Friday, December 12, 2014

Same Tea Different on a Different Coast

This morning with much anticipation I brewed up various puerh for my parents as my mother innocently asked me about puerh the week previous.  I had happy fantasies of being able to procure better aged sheng for my parents (and me) all under the guise of filial piety. I brought my porcelain travel kit that I use at work but everyone was amused as Koreans use such tiny cups only for hard liquor.  My cups have done double duty as the occasion demands.

As the wintry day was blustery, I thought I would start off with a shu.  My umma and appa were quite polite but I could not get anyone to go for more than a few sips.  To my absolute dismay, the first tea- a reliable 06 Dayi San Ji Pu tasted like some one had snuck a dried anchovy in my gaiwan.  The municipal water here comes from the mighty Potomac that has slaked the thirst of many a president. But theirs is a hard hard water not suited for puerh- all four puerhs I brewed  tasted muted, vaguely muddy and flat with the '98 Yiwu suffering the most. 

My own Berkeley tap comes from the western slope of the Sierra Nevada with water hardness running at 18-42ppm.  My parent's water clocks in at 70-120ppm- you can only imagine the calcium scale buildup inside their electric kettle. Actually taking a bath in such water is exceedingly hard on your skin and slathering oneself with body lotion is essential if you live in Virginia. 

I tried switching to bottled water on hand(Nestle Deer Park) which was not much better and with their hardness rating published at a wide range of 15-120ppm, it's most likely it was just as hard. Also using a carbon filtered Brita water was a bust since such drip filters do not remove much calcium.  I have no choice but to go to the grocery tomorrow and look for the softer Poland Spring sourced from Maine at 10-23ppm if I am to have any decent brews this week.

But the fishy notes were lost on my parents. Their reaction to puerh was exactly the same as mine sixteen years ago. They said it tasted of hanyak- traditional Korean medicine- a dark bitter brew of various herbs and deer antler.  I had to go straight away to chocolate tasting after the first shu to restore the holiday cheer. 

I used to be paranoid about the home water supply especially when I don't enjoy the teas many are praising. However I  do have wonderful sessions with a small minority of teas so I deem the Berkeley water fed from the Mokolumne River blameless.  But the water here makes it tough to be a puerh lover. I wonder how many drinkers have the misfortune of hard water and don't even know if they are missing out because they're used to it.  You also have to use higher amounts of leaf with hard water. I'm  regretful I didn't bring harsher leaf like a Dayi or XG sheng which might respond better to such water.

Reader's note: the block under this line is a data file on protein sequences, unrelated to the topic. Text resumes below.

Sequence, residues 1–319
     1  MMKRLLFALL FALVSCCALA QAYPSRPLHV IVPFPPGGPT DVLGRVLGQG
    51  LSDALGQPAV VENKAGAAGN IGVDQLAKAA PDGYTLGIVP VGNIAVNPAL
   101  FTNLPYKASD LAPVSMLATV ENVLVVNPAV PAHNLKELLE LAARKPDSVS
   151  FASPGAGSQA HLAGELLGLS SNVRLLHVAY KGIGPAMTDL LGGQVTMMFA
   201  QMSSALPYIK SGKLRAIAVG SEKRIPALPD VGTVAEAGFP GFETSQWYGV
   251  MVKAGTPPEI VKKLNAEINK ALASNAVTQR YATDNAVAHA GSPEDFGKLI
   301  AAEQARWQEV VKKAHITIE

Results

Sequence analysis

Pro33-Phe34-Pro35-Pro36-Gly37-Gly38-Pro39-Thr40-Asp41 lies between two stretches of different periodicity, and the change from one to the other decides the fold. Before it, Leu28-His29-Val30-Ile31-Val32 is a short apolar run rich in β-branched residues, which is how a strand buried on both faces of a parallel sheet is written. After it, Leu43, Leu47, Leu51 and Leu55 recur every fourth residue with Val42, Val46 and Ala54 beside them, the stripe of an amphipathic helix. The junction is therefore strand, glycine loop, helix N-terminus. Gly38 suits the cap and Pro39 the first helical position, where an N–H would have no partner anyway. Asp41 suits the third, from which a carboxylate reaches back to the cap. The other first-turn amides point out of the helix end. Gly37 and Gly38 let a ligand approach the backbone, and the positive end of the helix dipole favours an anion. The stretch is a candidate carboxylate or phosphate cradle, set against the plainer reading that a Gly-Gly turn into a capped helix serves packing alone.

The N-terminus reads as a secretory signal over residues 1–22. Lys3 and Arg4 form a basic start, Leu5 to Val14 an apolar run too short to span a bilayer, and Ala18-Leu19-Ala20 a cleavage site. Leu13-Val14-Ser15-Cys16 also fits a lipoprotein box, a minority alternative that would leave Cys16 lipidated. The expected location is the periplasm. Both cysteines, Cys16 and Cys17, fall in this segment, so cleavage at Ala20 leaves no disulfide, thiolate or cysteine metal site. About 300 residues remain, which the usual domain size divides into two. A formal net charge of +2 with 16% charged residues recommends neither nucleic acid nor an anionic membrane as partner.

1. Shu is quite an acquired taste I found. I like it but not every one does. I love your photo... books, antique cars and tea all in the same shot. It's a paradise!

    1. +1. sheng was love on first taste, but shou took me a few times.

    2. As a counterexample, my wife, my mom, and I all started on shu; while I've gone pretty far into sheng territory, my wife still is a bit iffy on unaged sheng, and my mom still strongly prefers shu. Of course, we also all started as black tea drinkers, so that may have something to do with initial preferences.

  2. Dear Kamyria,

    Shu is a tough sell I agree. If you look closely at the photo, you will see gripping page turners such as Persistent Inequalities and Fogel's The Fourth Great Awakening and the Future of Egalitarianism. Fogel could turn out such cruft after he safely tucked his Nobel under his pillow. That shelf is the unfortunate sociology section of my dad's library but his history shelves are more entertaining.


  3. Yes, a very interesting study in water! I feel fortunate for the water I have at home, too.